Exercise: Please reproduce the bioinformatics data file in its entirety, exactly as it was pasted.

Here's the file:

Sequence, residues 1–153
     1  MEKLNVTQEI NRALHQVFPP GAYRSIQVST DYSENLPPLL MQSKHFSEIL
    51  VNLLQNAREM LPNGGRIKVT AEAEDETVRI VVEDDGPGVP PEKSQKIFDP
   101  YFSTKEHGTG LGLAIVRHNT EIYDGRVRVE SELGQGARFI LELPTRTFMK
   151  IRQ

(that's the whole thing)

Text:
Sequence, residues 1–153
     1  MEKLNVTQEI NRALHQVFPP GAYRSIQVST DYSENLPPLL MQSKHFSEIL
    51  VNLLQNAREM LPNGGRIKVT AEAEDETVRI VVEDDGPGVP PEKSQKIFDP
   101  YFSTKEHGTG LGLAIVRHNT EIYDGRVRVE SELGQGARFI LELPTRTFMK
   151  IRQ